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.sx switches from KSRegistry to CIRA’s Fury

Kevin Murphy, December 13, 2017, Domain Registries

Sint Maarten ccTLD .sx has changed registry back-end providers.

SX Registry has switched from Germany’s KSRegistry to Canada’s CIRA, according to a CIRA press release and IANA records.

SX is now using CIRA’s relatively new Fury back-end platform, which launched a bit over a year ago with the new gTLD .kiwi as its inaugural customer.

The transition took under 30 days, according to CIRA, which built Fury using its experience managing Canadian ccTLD .ca.

Sint Maarten is a relatively new country, formed when the Netherlands Antilles’ .an split into three new ccTLDs in 2010.

.an has since been retired.

SX Registry won the deal to operate the TLD and launched it in 2012. The company, while technically based on the island, is run by a Canadian.

CIRA and Nominum offering DNS firewall

Canadian ccTLD registry CIRA has started offering DNS-based security services to Canadian companies.

The company has partnered with DNS security services provider Nominum to develop D-Zone DNS Firewall, which it said lets customers “block access to malicious content before it can reach their network”.

It’s basically a recursive DNS service with a layer of filterware that blocks access to lists of domains, such as those used by command and control servers, known to be connected to malware and phishing.

It’s a timely offering, given the high-profile WannaCry ransomware which infected hundreds of thousands of unpatched Windows boxes worldwide last month (though I’m not sure this kind of service would have actually prevented its spread).

The CIRA service uses Nominum’s technology but operates at Canadian internet exchange points and appears to be marketed at Canadian customers.

It’s the latest effort by CIRA to expand outside of its core .ca registry business. Earlier this year, it became ICANN’s newest approved gTLD back-end provider after a deal with .kiwi.

Many ccTLD registries are looking outside of their traditional businesses as the increasingly cluttered TLD market puts a squeeze on registration growth.

CIRA becomes first new gTLD back-end since 2012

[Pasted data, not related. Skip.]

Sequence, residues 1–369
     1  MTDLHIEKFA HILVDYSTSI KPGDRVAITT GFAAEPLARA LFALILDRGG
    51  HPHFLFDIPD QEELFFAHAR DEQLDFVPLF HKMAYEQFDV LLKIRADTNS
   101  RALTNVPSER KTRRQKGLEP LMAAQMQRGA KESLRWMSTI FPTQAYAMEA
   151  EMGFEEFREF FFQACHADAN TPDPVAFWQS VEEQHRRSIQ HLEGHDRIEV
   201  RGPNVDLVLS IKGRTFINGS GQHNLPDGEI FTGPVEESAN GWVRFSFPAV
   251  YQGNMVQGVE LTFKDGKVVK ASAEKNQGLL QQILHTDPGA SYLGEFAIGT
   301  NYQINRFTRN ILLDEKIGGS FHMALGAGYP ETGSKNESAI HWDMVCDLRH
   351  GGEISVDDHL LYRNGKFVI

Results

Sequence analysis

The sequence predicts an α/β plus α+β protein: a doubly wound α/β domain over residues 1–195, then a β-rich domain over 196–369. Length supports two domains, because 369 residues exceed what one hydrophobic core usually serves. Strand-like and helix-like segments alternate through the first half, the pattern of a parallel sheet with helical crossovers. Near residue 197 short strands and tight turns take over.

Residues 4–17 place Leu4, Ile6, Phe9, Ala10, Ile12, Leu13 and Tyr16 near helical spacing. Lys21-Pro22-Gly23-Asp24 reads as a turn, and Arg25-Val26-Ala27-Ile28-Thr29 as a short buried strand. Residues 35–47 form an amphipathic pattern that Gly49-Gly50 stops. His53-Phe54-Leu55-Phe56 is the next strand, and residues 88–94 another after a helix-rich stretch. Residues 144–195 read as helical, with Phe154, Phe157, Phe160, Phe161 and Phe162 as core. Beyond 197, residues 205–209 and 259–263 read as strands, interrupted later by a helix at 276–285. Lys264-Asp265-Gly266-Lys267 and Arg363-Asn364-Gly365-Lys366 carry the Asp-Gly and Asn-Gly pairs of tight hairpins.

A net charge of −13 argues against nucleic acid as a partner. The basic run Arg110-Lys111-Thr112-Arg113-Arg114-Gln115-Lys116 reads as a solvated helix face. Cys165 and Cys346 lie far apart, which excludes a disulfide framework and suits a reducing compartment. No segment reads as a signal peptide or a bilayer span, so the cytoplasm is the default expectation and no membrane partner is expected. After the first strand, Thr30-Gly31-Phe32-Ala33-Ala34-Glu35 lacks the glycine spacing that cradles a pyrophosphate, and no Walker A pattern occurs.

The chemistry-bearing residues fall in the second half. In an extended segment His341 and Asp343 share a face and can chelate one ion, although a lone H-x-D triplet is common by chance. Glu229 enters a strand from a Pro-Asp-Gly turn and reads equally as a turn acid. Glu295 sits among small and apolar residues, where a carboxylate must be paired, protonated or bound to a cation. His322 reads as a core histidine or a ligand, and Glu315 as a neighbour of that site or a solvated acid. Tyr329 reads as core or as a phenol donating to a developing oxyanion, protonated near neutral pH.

Kevin Murphy, September 22, 2016, Domain Registries

CIRA, the Canadian ccTLD manager, has become the first new registry back-end provider to enter the gTLD market since the 2012 application round closed.

The company today announced that it has signed Dot Kiwi, operator of .kiwi, as its first client.

.kiwi will become the first TLD that CIRA runs the back-end for, according to VP of product development Dave Chiswell.

CIRA has already completed pre-delegation testing and technical evaluation with ICANN, he told DI today.

It is believed to be the first back-end provider not attached to any 2012-round application to go through the PDT process.

That would make CIRA essentially the first company to officially enter the gTLD back-end market since 2012, in other words.

The .kiwi contract was up for grabs due to the fact that Minds + Machines, its original supplier, decided to get out of the back-end business earlier this year.

All of M+M’s own stable of gTLDs are being moved to Nominet right now, but customers such as Dot Kiwi were not obliged to follow.

Chiswell said that CIRA’s system, which is called Fury, has some patent-pending “tagging” technology that cannot be found at rival providers.

He said that registry operator clients get a GUI through which they can manage pricing tiers and promotions based on criteria such as substrings and registration dates without having to fill out a ticket and get CIRA staff involved, which he said is a unique selling point.

CIRA’s goals now are to try to sign up more TLDs (cc’s or g’s) to Fury, and to attempt to get Canadian brands and cities to apply for gTLDs in the next round, whenever that may be.

The company also intends to migrate .ca over to Fury from its legacy infrastructure at some point, he said.